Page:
I already have my plans booked for the coming weekend. No, I am not going to take my kids to the park for some summer fun or check out "Hancock" at the theaters like I had planned.
Instead, I will probably be wiping my laptop of the last shreds of Windows Vista and reinstalling Windows XP Professional and trying to find all of the drivers I need to get everything working right again. No, it does not sound like a lovely weekend, but it is not like I didn't give Vista a chance.
My laptop actually came with Vista Business edition pre-installed, so I didn't exactly expect a lot of problems. I had the choice of leaving it the way that was or installing my corporate load of XP Pro, but being an early adopter and a beta tester has its advantages when you're in IT for a living. I should "eat some of my own dog food" I thought, assuming I planned to move my company's employees to Vista at some point in their professional lives.
The second time the PC booted, I got a warning message: "Windows Media Player has stopped working." A small button offered me the option of more information. I clicked it. It opined that Windows Media Player is a product of MICROSOFT CORPORATION and I should contact them for help. It hasn't worked since, more than a year later.
When Service Pack 1 came along, I was pretty full of hope, but the PC was only moderately faster and still much slower than my 4-year-old PowerBook, despite 2 GB of RAM and the latest goodies. The boot-up time was slower than my similar XP machines. The shutdown time often took more than a minute while Vista was doing something odd.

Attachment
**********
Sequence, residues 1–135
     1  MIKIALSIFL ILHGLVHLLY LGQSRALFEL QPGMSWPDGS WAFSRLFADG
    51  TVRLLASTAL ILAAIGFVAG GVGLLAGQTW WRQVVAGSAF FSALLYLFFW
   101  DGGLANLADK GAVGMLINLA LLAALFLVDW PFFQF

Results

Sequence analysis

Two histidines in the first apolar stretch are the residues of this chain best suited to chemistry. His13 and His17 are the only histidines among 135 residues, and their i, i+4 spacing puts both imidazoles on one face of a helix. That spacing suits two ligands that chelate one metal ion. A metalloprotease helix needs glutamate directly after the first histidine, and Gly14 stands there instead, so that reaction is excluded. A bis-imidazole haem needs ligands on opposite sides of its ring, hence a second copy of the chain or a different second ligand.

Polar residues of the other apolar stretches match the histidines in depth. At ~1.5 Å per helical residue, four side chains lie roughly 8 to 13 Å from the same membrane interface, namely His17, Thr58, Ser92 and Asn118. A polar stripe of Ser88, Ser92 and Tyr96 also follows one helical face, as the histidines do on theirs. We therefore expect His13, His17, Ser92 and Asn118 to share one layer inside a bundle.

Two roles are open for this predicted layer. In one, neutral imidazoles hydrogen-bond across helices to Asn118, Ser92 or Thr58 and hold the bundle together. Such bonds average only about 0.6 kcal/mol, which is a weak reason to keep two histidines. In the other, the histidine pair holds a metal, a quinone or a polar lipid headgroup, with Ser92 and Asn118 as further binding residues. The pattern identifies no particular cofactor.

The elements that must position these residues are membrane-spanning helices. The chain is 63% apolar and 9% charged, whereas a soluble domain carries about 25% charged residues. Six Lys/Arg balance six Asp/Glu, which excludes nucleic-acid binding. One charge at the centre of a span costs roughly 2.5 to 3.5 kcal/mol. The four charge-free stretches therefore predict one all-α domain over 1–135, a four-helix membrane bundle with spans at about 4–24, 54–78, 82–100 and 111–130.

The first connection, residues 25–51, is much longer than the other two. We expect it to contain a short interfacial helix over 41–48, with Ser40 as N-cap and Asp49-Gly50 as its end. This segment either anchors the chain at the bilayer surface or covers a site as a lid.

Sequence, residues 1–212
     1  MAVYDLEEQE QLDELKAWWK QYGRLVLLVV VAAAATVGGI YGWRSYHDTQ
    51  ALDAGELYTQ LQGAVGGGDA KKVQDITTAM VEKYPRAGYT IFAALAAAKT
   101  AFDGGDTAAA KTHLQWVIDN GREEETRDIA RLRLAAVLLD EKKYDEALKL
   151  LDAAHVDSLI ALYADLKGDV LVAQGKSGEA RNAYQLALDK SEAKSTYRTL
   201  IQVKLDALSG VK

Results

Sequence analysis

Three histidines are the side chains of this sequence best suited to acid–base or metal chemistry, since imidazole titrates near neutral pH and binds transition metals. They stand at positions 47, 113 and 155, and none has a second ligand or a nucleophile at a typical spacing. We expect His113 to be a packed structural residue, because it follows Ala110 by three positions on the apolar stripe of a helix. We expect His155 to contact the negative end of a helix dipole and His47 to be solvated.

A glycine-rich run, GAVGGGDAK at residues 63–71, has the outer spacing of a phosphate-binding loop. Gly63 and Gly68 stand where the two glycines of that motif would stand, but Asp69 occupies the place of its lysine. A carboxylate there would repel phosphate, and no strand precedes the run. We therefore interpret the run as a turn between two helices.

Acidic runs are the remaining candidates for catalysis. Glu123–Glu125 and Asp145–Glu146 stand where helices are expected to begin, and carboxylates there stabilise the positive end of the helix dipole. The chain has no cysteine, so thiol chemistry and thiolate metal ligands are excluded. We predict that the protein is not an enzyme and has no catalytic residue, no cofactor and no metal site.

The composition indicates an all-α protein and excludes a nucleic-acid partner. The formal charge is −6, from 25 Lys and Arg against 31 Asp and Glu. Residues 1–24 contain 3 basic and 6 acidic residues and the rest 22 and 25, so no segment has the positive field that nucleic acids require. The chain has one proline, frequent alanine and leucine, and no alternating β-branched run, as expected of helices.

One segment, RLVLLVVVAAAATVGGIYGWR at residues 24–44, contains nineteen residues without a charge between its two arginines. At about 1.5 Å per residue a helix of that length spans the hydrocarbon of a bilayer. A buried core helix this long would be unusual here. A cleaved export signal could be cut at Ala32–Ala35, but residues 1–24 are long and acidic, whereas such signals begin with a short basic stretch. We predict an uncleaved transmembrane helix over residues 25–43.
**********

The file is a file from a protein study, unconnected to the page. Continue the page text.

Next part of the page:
I could not connect to some share drives on my corporate network without using their fully qualified names. Other times, I could not connect to any shared resources at all after the computer went into standby and came back. The internal NIC would shut off periodically in an effort to save me energy, which is a nice touch, except when you're using it. Then it can get sorta annoying.
I disabled the constant warnings that I was going to launch nuclear missiles against the Russians if I changed a setting. The constant "are you SURE" warnings popped up by Vista certainly drove more than one person batty.
Finally, after more than a week of domestic travel, I have basically had it with Vista. I tried to connect to a couple of foreign printers and found no drivers and no hope of finding any. I tried to connect to a scanner at my sister's house. No drivers.
Vista may be pretty, but Microsoft has to fess up that they have released upon the IT world a product that few really want nor have the horsepower to adequately run. A 2 GB laptop should not be pokey it should be a rocket.
James Derk is owner of CyberDads, a computer repair firm, and tech columnist for Scripps Howard News Service. His e-mail address is [email protected].